“We are leaning on our teachers,” he said, “relying on their expertise. They are in contact with the students every day. We are doing this strategically and collaboratively – it’s a well-researched approach. We are focusing our energy on that model. And, if the students don’t get the material, we’ll focus on intervention.”
“This is the first year of that intensive focus across the district,” Dr. Fricker noted. “There is alignment across the district. The elementary and secondary principals are working together.”
Standardization is key, she added. “It’s key so if one student is in a math class with one teacher and another student is in the same math class but with a different teacher, they learn the same material, have the same assessment.”
The question becomes, she said, “Why are your students succeeding and mine are struggling?” Someone has to adjust their way of teaching. And the teachers learn from each other.
“Teachers develop systems that sustain,” Willemse said. “Do we have curriculum and assessments in place so if a new person comes in we can continue that high quality of teaching? We want to equip new teachers with the ability to educate without missing a beat.”
During his presentation to the school board, Williemse was pleased to report the suspension rate at Rim High has been cut in half – from 14 to 7 percent.
And there is, he said, a “remarkable level of engagement” among the students in athletics, drama, band and clubs.
Why is that important? “Every student has a different reason why they show up at school,” Dr. Fricker said. “It’s important to have a variety of opportunities so every student finds their niche, so every student has a reason to show up every day.”
And that student who shows up because he wants to play football has to keep his grades up to play. “For any school, these additional programs are essential to ensure the buy-in of the student body is there. It’s particularly important at the high school level,” Willemse said.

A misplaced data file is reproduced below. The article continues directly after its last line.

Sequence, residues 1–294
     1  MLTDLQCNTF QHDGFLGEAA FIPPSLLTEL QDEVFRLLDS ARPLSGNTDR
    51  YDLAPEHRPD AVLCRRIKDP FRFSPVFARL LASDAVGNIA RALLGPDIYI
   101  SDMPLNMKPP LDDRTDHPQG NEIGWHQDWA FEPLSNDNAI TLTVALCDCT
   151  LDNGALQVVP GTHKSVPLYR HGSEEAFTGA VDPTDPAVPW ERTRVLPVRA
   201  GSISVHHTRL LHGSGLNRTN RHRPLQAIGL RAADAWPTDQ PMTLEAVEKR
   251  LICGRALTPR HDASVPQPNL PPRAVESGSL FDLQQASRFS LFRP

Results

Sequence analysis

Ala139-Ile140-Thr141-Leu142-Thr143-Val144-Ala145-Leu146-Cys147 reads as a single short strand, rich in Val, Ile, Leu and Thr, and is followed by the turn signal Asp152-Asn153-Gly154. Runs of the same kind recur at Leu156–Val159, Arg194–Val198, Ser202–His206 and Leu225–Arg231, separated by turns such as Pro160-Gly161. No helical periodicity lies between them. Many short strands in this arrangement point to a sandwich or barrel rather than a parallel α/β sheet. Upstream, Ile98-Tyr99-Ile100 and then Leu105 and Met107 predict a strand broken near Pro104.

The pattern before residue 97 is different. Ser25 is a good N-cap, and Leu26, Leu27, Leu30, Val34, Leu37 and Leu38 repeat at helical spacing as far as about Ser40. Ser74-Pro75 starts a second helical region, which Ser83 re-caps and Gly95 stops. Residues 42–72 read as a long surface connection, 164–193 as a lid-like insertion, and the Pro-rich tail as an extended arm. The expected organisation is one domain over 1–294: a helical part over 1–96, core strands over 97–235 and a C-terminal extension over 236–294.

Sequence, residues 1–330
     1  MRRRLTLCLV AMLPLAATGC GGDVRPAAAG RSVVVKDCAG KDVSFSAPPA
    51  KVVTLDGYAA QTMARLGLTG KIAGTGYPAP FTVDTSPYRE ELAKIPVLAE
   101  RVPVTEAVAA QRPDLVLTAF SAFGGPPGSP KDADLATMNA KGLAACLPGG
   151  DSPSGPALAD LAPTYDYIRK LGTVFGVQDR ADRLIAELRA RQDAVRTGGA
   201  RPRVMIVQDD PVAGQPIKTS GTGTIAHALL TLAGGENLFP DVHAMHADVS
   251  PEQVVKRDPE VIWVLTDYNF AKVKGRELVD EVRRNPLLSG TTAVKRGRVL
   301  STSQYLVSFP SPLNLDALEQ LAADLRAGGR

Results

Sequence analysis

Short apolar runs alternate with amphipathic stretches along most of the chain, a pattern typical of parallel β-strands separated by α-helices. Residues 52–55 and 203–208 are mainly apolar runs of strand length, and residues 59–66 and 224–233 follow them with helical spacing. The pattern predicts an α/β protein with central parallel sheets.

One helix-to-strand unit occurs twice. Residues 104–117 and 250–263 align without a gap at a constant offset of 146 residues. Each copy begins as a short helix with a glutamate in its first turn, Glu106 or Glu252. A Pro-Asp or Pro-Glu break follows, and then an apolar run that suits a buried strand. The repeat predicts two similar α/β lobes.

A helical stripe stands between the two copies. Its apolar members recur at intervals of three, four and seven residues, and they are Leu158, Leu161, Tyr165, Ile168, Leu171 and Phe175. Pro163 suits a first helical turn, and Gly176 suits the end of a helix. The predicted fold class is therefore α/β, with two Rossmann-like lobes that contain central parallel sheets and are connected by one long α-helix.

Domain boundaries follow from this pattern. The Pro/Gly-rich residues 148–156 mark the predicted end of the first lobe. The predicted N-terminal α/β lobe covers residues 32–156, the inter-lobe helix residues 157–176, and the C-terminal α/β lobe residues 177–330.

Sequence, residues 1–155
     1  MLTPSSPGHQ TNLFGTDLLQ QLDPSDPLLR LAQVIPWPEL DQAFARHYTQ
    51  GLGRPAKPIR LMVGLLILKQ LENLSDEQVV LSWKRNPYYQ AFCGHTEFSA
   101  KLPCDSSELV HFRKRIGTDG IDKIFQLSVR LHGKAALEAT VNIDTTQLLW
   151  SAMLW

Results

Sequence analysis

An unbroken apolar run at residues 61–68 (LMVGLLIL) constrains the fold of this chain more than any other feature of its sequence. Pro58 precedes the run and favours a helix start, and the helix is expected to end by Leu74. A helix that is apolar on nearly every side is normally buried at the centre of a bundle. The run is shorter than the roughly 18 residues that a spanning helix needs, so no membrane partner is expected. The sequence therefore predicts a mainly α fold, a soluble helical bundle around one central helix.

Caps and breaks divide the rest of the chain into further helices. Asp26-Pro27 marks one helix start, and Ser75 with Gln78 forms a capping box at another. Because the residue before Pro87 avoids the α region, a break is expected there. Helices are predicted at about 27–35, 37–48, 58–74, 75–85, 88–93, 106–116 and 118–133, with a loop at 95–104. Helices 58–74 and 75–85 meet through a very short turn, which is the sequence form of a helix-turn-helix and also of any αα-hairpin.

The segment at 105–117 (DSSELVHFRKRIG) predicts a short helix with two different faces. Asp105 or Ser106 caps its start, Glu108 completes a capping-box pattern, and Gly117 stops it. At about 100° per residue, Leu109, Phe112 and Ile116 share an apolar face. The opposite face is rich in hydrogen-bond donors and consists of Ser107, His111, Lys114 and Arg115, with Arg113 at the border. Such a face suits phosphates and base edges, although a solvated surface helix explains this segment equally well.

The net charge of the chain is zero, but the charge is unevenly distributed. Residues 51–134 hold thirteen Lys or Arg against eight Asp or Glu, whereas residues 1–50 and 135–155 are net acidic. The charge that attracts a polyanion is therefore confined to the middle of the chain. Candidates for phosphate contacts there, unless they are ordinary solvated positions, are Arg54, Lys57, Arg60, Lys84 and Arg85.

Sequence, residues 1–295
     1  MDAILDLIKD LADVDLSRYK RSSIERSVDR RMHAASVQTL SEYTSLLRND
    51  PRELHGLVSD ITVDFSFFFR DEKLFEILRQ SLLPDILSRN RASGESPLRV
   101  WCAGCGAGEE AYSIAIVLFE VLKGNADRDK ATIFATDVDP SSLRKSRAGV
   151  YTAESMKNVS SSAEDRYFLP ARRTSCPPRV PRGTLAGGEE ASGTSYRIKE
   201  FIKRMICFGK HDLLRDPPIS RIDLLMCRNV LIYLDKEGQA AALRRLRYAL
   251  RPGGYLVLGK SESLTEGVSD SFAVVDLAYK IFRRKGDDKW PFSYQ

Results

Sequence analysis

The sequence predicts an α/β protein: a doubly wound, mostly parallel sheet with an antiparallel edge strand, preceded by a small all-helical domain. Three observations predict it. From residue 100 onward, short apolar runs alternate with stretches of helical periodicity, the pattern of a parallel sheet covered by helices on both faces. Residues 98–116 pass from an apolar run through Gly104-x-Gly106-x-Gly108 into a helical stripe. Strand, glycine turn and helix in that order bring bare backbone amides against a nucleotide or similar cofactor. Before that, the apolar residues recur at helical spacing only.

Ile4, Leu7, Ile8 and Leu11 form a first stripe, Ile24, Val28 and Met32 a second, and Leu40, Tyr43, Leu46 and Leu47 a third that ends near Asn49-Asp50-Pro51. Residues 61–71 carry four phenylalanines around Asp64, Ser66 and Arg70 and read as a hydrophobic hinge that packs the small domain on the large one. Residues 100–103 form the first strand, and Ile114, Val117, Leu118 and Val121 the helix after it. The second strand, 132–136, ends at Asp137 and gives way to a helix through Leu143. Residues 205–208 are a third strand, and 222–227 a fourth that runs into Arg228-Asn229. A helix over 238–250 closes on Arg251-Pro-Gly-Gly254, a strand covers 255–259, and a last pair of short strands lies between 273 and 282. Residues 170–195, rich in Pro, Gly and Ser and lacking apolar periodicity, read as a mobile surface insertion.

Addressing Advanced Placement (AP) classes, the principal was pleased to report that more students have signed up to take the AP tests this year. “We could select the top students and put them in AP classes and have high scores,” he said. “We are attempting to increase the number of students in AP classes, understanding that will bring lower scores but will provide a broader subset of the student population access to rigorous classes.
“I would rather have 60 students in AP English with a mean score of 2 than 15 with a score of 4,” he said. “We want students to push themselves.”
“We want more students who are capable to try,” Dr. Fricker said. “If you want to push yourself, you should be able to. They will be more successful when they take college classes.”
And Willemse added that “the process is more important than the score.”
In the meeting on Feb. 7, he added the CAAASP test scores are “a problem we are aware of. We have a plan we are currently implementing. It’s a common problem across schools across the county. We have students in our classrooms today with learning gaps we are trying to address.
“We recognize COVID may be the root cause. Our goal is to move the high school and the entire district up to the performance levels the community expects.”
“As new leaders,” Dr. Fricker said, “we came in with fresh eyes. How do we use different perspectives to create solutions?”
This PLC plan, she added, has been well received by the high school staff. “It’s a welcome change.”
Dr. Fricker reiterated: “This is where we’re starting, not where we’re finishing. We’re deeply invested in making the schools shine, in giving our kids an equal opportunity.”